Tax Abatement Possible for Upcoming 403-Unit Development in Newark’s Ironbound

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55 Union Development Newark 3
A tax abatement could be granted to the 55 Union development in Newark. Photo by Jared Kofsky/Jersey Digs.

More than four years after a company first proposed replacing a private parking lot in Newark’s Ironbound section with a 12-story development, a lengthy tax abatement could be granted as part of the project.


An ordinance was introduced by the Newark Municipal Council on June 2 involving the 55 Union development that is in the works for 51-57 Union Street and 28-50 McWhorter Street in the East Ward.

The proposed legislation calls for giving a 25-year tax abatement to Roseland-based 28 McWhorter St Urban Renewal, LLC in connection with the mixed-use building, which is expected to include “403 market rate rental units, 3,222 square feet of retail space, 196 parking spaces and other amenities,” according to a public notice from City Clerk Kenneth Louis.

As part of the ordinance, the firm would have to pay an annual service charge.

Like many tax abatement ordinances, this one notes that “the Municipal Council has determined … that the relative benefits of this project outweigh any costs associated with this proposed tax abatement and that without the tax abatement granted herein, the project would not be undertaken.”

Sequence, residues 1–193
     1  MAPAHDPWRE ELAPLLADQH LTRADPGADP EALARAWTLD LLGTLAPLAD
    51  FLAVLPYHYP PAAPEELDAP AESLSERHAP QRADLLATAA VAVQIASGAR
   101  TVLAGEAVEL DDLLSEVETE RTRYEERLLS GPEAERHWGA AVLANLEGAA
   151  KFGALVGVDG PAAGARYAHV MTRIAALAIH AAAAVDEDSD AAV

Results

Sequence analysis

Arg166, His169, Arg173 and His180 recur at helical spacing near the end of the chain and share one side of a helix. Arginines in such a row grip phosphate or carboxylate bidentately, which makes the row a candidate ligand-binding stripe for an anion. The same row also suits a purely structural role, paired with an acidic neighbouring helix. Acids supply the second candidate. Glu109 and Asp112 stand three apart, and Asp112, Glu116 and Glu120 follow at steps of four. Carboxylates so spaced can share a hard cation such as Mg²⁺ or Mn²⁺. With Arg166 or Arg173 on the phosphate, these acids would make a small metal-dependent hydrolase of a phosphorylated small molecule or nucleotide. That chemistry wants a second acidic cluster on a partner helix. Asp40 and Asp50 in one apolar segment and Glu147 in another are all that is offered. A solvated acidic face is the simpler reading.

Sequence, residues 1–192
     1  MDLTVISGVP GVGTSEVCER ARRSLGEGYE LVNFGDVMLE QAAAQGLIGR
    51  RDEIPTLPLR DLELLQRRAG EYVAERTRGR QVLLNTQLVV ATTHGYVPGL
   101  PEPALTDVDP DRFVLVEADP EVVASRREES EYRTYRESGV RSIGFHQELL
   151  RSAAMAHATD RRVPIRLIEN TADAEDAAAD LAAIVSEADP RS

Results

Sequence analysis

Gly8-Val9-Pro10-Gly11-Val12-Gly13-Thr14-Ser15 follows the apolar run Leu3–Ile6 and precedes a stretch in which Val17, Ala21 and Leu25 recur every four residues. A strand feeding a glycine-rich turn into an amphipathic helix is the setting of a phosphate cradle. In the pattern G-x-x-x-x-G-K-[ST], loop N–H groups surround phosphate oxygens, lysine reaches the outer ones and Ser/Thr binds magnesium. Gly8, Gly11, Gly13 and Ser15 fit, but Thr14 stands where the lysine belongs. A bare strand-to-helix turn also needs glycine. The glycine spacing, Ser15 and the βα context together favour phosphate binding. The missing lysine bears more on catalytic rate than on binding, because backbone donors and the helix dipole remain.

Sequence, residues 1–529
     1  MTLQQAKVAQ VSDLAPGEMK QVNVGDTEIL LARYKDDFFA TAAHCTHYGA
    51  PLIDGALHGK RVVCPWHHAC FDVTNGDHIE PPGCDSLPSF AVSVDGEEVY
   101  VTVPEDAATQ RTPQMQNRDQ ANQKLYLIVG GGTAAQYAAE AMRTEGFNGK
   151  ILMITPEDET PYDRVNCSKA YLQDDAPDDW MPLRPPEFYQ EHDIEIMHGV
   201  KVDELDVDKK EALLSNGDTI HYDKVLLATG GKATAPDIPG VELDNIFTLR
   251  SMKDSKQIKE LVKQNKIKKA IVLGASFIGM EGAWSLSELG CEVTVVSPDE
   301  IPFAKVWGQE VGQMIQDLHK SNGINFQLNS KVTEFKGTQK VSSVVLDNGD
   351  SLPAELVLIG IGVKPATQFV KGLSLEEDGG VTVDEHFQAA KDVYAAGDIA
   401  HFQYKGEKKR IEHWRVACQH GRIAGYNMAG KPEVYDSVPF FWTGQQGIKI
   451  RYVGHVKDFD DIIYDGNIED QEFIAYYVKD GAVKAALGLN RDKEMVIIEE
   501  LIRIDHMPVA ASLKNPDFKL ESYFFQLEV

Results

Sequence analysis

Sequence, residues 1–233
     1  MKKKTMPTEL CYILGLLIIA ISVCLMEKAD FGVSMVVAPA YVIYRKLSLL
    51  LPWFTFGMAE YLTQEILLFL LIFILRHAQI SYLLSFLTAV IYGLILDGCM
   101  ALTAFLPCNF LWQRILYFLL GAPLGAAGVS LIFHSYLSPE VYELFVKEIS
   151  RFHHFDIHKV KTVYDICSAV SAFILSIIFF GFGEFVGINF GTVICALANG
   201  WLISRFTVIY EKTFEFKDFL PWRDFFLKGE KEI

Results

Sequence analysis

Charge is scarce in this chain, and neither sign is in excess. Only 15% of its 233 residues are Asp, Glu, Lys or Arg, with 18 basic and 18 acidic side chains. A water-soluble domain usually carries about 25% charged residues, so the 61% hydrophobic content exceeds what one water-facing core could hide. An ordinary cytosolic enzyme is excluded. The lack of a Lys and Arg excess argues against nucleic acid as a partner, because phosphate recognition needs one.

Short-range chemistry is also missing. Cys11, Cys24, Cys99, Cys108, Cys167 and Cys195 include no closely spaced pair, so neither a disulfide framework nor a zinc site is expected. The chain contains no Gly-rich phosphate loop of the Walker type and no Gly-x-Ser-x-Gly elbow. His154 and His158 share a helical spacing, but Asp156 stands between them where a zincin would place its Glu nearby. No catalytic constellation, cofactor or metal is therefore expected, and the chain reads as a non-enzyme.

However, preliminary work on the project appears to be already underway, with building equipment scattered throughout the premises and construction beginning on what looks like the base of the development. Fencing currently surrounds much of the project site, causing sidewalk closures nearby and leaving few visible traces of the former parking lot.

The notice says that the ordinance will be up for final passage during a special meeting on Tuesday, June 22, at 10:00 a.m.

Jersey Digs first reported on this project back in 2017 when it was a 384-unit proposal.

At the time, high-rise buildings of this sort were not permitted in the zone that these properties fall within. Despite opposition by some local groups such as the Ironbound Community Corporation, the City of Newark subsequently introduced Mixed-Use 3 zoning, or MX-3, to the neighborhood, allowing for taller buildings to be constructed on parcels such as these.

Note to readers: The dates that matters are scheduled to be discussed by the Newark Municipal Council and other governing bodies are subject to change.

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